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"When he was tested at the age of 5, instead of drawing a person, M
drew a diode circuit and a transformer with a built-in plug. In his Sentence
Completion test, M said he thinks most about "electronic circuits,"
dreams of "electronic circuits," hates when his brother gets into
his electronics and destroys them, is unhappy sometimes when his circuits
dont work, that his mother and father help him with electronics, and when
he gets older hes going to be "somebody who does a lot of
electronics." Imagine being Ms teacher and trying to teach him
spelling!" Linda Kreger Silverman,
Wizards (requires Adobe Reader)
September 13, 2014
and IT: Dark secret or open secret? by Tracy Mayor, in Computerworld
- Asperger's Syndrome has been a part of IT for as long as there's been IT.
So why aren't we doing better by the Aspies among us?
Differentiation by Julie Rossbach
- Young minds are full of promise and creativity. Many educators have chosen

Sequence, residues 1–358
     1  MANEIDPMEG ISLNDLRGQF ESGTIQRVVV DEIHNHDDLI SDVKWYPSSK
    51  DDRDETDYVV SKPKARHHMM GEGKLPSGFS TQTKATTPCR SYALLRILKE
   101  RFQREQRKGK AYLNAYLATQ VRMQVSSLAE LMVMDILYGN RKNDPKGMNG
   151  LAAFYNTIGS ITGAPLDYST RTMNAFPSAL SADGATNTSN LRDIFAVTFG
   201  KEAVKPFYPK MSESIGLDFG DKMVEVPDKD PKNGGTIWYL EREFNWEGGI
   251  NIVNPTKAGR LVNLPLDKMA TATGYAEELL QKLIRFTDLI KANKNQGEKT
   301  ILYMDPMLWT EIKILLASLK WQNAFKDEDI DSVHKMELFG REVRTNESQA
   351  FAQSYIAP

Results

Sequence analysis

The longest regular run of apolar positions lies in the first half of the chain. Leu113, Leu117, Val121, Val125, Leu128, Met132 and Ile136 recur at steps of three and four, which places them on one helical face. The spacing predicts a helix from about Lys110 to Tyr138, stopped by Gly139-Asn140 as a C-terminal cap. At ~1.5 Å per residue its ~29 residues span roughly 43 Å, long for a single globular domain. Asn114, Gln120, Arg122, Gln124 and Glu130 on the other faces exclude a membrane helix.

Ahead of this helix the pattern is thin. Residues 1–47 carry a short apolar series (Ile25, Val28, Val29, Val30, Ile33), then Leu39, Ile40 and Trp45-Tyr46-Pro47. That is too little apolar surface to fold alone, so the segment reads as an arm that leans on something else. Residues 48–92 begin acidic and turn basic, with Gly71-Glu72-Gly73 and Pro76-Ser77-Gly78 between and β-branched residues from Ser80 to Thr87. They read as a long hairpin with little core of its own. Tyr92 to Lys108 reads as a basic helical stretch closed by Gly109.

to capitalize on these characteristics by devising curricula based on the
process of inventing
the Whiz Kids: 10 Overachievers Under 21 by Dan Tyman, PC World
- They're the next generation of entrepreneurs, inventors and innovators —
and not one of them is old enough to buy beer. The moral?
There's more than one way to be successful!
Quiet Crisis is Clouding the Future of R&D by Joseph Renzulli, Education Week
- What about support for the highly gifted, creative, and innovative young
people whose ideas will create the products and jobs that start the wheels
of productivity turning?
Interest in Computer Science Plummets by Andrea L. Foster, The Chronicle
of Higher Education
- The six-step invention process described is one that inventors typically
utilize when creating and producing inventions
Wizards by Linda Kreger Silverman
- Some of the children we are least likely to understand, or deal with
effectively in the schools, are those who are best suited to our
technological future (requires Adobe Reader)
Helps Build Firefox Web Browser by John Pain, myway
- Ross, now 19, a sophomore computer science major at Stanford University,
has an even more impressive resume than most of his peers. Before graduating
high school, he helped develop Firefox. Colleagues who worked with Ross
only online were surprised when they met him to find "a scrawny 15-year-old